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Two new SASNET grants to support writing of research applications

Hyderabad, Photo: David Mark

Maryam Nastar, researcher at Lund University Centre for Sustainability Studies (LUCSUS), and Rashmi B. Prasad, Associate Professor at Lund University Diabetes Centre, receive the first two SASNET grants intended to support individual researchers at Lund University in their writing of research applications.

Maryam Nastar, (Mal)Adaptation to extreme urban heat: At what cost, to whom?

The proposed research project aims to explore maladaptation responses to extreme urban heat and to identify the institutional conditions required to avoid them.

More specifically, it aims to analyse the impacts of “smart” adaptation strategies in the global South since there are growing concerns over the inclusivity and fairness of digitalisation and the extent to which it can improve the living conditions of vulnerable and disadvantaged groups in exposure to extreme urban heat.

The research project draws on the impacts of adaptation policies and practices in Ahmedabad, India, where groundbreaking smart initiatives addressing heatwave-related risks have been introduced,and it aims to address the following questions:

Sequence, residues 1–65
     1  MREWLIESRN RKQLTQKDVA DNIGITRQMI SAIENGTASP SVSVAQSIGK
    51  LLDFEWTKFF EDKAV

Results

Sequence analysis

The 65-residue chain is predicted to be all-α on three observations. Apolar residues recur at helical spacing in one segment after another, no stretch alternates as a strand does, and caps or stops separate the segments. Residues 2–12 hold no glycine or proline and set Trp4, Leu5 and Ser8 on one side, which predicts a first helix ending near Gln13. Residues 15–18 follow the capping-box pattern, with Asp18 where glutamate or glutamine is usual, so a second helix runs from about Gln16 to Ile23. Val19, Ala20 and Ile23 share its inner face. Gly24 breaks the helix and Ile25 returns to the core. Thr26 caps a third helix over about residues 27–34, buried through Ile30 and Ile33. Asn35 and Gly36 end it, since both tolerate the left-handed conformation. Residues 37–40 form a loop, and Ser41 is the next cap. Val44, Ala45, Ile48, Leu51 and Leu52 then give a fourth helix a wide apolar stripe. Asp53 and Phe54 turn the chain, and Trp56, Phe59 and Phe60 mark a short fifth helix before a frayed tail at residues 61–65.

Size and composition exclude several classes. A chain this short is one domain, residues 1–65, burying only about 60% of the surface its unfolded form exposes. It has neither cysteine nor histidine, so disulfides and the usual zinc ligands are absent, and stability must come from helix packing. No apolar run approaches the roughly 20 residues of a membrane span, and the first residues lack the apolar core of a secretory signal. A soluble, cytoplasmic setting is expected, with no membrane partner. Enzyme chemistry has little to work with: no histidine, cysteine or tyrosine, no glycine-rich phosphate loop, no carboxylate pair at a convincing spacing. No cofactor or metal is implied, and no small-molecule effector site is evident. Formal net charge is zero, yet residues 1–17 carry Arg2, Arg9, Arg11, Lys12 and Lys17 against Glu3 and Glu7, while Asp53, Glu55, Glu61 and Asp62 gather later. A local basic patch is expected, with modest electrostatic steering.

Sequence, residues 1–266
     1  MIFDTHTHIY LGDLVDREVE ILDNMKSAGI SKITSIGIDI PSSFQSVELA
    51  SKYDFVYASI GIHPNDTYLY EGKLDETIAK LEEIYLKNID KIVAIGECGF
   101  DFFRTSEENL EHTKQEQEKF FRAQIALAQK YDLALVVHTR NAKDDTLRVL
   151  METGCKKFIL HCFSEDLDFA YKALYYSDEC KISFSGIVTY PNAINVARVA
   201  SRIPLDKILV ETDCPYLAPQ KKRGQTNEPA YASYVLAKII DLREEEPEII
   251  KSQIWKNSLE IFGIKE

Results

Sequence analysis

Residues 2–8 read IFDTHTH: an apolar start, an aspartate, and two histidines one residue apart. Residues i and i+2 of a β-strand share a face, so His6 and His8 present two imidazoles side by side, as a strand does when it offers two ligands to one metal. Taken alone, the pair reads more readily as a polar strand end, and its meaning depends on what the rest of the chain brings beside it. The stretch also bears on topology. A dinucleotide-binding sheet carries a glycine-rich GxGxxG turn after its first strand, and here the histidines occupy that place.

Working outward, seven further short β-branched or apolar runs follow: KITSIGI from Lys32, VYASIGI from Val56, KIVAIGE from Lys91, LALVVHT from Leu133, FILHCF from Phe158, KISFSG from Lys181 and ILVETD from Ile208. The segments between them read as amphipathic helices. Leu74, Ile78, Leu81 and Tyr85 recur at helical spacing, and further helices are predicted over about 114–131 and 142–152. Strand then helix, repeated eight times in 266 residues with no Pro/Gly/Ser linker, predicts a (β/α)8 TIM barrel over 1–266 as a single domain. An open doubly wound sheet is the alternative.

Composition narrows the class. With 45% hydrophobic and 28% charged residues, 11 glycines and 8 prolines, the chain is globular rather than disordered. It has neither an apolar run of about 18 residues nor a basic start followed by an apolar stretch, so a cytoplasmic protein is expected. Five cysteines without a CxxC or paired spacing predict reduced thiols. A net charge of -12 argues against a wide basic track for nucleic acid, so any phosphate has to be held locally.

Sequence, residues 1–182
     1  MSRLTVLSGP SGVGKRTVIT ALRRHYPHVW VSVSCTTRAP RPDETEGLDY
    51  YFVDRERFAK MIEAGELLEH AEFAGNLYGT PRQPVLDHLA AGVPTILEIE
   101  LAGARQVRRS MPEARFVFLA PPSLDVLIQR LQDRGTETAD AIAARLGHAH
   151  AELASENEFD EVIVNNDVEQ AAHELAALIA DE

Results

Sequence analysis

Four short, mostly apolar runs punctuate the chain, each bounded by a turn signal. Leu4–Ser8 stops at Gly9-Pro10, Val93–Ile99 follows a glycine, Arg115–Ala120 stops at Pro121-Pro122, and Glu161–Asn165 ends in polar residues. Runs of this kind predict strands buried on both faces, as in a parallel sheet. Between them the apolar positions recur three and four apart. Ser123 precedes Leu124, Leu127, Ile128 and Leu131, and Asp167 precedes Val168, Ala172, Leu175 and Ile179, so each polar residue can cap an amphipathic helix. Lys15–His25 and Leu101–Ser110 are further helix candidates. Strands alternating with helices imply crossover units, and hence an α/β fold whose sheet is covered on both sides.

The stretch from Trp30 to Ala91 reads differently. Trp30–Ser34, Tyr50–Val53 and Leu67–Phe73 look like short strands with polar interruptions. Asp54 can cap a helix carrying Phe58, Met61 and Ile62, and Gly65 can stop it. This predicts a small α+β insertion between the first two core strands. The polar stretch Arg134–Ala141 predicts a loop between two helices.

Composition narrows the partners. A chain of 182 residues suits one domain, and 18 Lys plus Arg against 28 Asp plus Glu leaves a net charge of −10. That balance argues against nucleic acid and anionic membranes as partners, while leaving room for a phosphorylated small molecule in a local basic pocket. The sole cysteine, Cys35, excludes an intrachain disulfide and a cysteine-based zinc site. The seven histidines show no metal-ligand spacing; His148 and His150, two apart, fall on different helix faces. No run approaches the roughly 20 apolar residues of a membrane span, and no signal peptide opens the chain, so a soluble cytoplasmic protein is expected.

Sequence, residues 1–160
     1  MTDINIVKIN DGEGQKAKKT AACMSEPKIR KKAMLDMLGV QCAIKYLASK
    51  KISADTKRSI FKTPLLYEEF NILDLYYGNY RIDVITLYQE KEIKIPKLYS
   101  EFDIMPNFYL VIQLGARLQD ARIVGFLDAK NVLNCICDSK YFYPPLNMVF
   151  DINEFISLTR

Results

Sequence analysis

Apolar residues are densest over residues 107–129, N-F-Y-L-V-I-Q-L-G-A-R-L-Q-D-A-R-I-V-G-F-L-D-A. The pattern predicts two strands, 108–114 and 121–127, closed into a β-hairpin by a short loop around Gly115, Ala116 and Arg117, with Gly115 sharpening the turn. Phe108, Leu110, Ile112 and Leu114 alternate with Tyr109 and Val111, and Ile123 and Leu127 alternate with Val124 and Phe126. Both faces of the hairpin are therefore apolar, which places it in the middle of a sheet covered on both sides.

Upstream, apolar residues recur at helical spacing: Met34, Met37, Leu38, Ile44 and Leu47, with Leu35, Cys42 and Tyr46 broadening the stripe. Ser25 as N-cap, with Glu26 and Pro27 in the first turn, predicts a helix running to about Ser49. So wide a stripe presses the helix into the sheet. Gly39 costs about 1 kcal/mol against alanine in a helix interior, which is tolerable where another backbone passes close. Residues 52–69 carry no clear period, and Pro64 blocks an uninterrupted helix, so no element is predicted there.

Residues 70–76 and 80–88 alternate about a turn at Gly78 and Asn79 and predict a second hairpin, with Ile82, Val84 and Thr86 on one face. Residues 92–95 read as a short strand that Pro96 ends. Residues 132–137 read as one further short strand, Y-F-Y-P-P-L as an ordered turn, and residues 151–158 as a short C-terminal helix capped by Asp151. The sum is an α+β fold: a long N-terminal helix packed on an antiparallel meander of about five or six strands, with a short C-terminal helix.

1. How are the benefits and costs of digitalised adaptation responses, to deal with extreme urban heat, distributed across different social groups? 
  2. What is evidence of maladaptation, and why? 
  3. What institutional settings are required to ensure inclusive (digitalsed) adaptation responses to extreme urban heat?

Rashmi B. Prasad, Dissecting the heterogeneity and early life origins of diabesity in undernourished and overnourished populations for early prediction and prevention, an Indo-Swedish collaborative study

Adult-onset diabetes, primarily those labelled as type 2 diabetes (T2D) comprise >90% of diabetes. Currently ~537 million people worldwide suffer from diabetes, predicted to increase to 643 million by 2030 and 783 million by 2045. Obesity and aging are important environmental triggers of T2D and the number of obese individuals has increased 4-fold during the last 30 years.

Risk of developing T2D is influenced by a complex amalgam of genetic predisposition, events during early life, and the impact of the diverse cultural, social and economic factors that define our adult “environment”.

Disentangling these factors, and understanding their relationship to each other, is of the utmost importance in facilitating prevention and appropriate treatment strategies. This represents the key goal of this proposal.


  • Aim 1: Dissect the differences in etiology and evolution of diabesity in undernourished and overnourished populations in India and Sweden. 
  • Aim 2: Investigate the early life origins of diabesity in both populations and uncover underlying molecular mechanisms in tissues of interest.

The grant equals one month’s full-time work.

For more information about the grant visit